Weekly Market Commentary

June 22, 2020

 

The Markets

Could it be the upside surprises?

U.S. stock markets have marched higher despite a pandemic, an economic downturn, and social justice protests.

Here are some narratives that purport to explain recent market performance, including:

  • Quarantine boredom. Matt Levine of Bloomberg has postulated “…a lot of individual investors buy stocks mainly because it’s fun, and that the more fun stocks are, and the less fun everything else is, the more they’ll buy stocks. In a pandemic, when people can’t really leave their house and sports are canceled, there is a lot less fun to be had elsewhere…so people buy more stocks.”
  • Big, publiclytraded companies are safe. This theory suggests businesses hit hardest by the economic downturn often are not traded on stock exchanges. Technology executive Eric Schmidt wrote, “Gigantic corporations, which have deep pockets, fancy accountants, huge legal teams, and access to international financial markets, are also better equipped to weather shocks than your local hardware store or small manufacturing company.”
  • Don’t fight central banks. “The Fed is using its unlimited money-printing machine to single-handedly prop up the stock market.” The Fed is itself an important narrative but in reality, the Fed’s magic over the real economy is limited. But its statements clearly move markets, and it has lots of power as a storyteller.

Lisa Beilfuss of Barron’s offered another narrative. She reported:

“…upside economic surprises over the past two weeks – mortgage applications hit the highest level since 2008, retail sales rose at the fastest pace ever, and U.S. businesses added 2.5 million jobs in May instead of cutting an anticipated eight million, to name a few – are even better than they look and offer at least some proof that the stock-market rebound was driven by expectations for improving fundamentals…It’s about the magnitude of the surprises versus Wall Street’s expectations.”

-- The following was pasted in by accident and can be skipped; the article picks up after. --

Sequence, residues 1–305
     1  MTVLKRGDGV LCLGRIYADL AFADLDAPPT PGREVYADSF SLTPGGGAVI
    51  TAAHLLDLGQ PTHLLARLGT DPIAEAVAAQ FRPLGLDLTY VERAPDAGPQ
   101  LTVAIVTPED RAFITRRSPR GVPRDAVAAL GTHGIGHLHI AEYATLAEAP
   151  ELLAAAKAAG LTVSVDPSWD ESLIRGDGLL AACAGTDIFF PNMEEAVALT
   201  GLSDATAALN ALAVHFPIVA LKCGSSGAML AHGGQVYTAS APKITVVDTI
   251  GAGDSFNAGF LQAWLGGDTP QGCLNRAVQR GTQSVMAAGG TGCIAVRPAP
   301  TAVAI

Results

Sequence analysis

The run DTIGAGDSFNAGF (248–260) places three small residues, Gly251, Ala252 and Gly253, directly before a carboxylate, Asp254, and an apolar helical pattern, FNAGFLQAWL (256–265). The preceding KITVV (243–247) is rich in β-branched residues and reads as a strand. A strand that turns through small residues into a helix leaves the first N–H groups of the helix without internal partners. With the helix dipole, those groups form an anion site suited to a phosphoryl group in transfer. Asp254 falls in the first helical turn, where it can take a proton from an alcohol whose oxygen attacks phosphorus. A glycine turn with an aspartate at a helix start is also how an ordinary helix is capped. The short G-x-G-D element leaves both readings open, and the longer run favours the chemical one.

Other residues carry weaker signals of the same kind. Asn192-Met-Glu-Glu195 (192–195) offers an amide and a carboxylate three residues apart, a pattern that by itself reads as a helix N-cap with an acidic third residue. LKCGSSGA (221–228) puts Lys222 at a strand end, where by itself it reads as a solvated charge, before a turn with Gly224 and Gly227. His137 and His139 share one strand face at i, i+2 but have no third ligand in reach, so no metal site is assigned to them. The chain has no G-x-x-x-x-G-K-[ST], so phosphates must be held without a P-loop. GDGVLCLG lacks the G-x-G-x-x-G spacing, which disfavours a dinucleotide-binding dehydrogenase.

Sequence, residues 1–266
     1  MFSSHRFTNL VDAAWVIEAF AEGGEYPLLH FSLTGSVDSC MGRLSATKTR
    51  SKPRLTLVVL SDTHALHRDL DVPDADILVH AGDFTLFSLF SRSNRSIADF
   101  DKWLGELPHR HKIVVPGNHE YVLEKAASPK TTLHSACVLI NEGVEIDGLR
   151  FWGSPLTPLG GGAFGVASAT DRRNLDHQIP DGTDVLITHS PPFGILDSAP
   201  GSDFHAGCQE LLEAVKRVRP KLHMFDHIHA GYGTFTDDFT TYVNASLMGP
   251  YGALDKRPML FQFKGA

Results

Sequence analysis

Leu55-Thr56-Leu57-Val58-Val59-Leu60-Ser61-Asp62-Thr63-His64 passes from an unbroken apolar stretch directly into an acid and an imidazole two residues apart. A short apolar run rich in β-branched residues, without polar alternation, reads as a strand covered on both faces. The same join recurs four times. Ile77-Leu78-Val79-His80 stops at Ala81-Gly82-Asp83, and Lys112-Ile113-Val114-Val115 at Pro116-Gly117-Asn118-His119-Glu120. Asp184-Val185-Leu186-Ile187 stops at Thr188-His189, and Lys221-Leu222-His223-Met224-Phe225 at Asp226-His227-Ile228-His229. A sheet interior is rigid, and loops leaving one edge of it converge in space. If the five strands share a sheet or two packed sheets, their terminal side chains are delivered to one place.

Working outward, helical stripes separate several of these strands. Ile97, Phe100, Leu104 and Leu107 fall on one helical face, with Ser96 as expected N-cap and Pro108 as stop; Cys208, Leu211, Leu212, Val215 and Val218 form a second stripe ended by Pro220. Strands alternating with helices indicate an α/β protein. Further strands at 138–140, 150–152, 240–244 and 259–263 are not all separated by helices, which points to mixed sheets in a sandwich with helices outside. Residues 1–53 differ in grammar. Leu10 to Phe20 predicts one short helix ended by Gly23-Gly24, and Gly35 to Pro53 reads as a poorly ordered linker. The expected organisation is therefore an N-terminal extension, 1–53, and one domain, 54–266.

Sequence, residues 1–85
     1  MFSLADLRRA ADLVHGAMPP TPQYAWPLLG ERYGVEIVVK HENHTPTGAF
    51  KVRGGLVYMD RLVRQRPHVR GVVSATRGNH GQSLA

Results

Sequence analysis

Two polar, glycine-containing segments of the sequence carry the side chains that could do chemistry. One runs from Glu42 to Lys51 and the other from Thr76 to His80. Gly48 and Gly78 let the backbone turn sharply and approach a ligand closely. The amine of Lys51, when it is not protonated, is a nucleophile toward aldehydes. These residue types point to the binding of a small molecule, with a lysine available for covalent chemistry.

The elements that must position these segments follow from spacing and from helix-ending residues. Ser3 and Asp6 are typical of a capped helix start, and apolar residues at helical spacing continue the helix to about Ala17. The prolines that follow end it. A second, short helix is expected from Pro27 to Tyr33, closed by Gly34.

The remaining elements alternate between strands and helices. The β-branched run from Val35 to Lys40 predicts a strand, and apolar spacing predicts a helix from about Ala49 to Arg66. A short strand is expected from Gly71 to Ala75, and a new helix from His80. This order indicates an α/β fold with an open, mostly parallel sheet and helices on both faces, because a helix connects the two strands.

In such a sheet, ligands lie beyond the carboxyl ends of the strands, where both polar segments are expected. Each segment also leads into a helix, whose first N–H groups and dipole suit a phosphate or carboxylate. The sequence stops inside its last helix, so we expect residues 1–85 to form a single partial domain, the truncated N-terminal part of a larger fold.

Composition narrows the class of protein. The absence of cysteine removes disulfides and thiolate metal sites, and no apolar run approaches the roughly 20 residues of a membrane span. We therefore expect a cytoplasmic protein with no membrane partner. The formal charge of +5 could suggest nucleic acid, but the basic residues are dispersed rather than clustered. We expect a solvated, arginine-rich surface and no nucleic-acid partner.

These narratives all have some merit, and major U.S. stock indices moved higher last week.

What do you think?

In recent years, we’ve learned a lot about why investors do the things they do. For instance, we now know investors are not the omniscient, rational decision-makers economists believed them to be. Investors have built-in biases that sometimes cause them to make errors in thinking.

One of those biases is known as confirmation bias. Investors (and non-investors) have a tendency to seek data that reinforces their beliefs and ignore information that suggests they’re wrong.  Data gets published that supports diverse ideas about the direction of the economy and stock markets and most people follow the data that supports their point of view. I have witnessed this many times in my career and it’s a real thing. I have always made a point of being at national conferences on investing to hear as many points of view as possible to check my own thinking.

When data supports varied opinions, how can investors avoid mistakes? One of the best ways is to work with someone you trust and who has a clearly defined process to help you develop a plan to meet your financial goals.

 Focus On The Positive

“The happiest people don’t necessarily have the best of everything: they just make the best of everything they have.”

–anonymous

Best regards,

Bill Spalding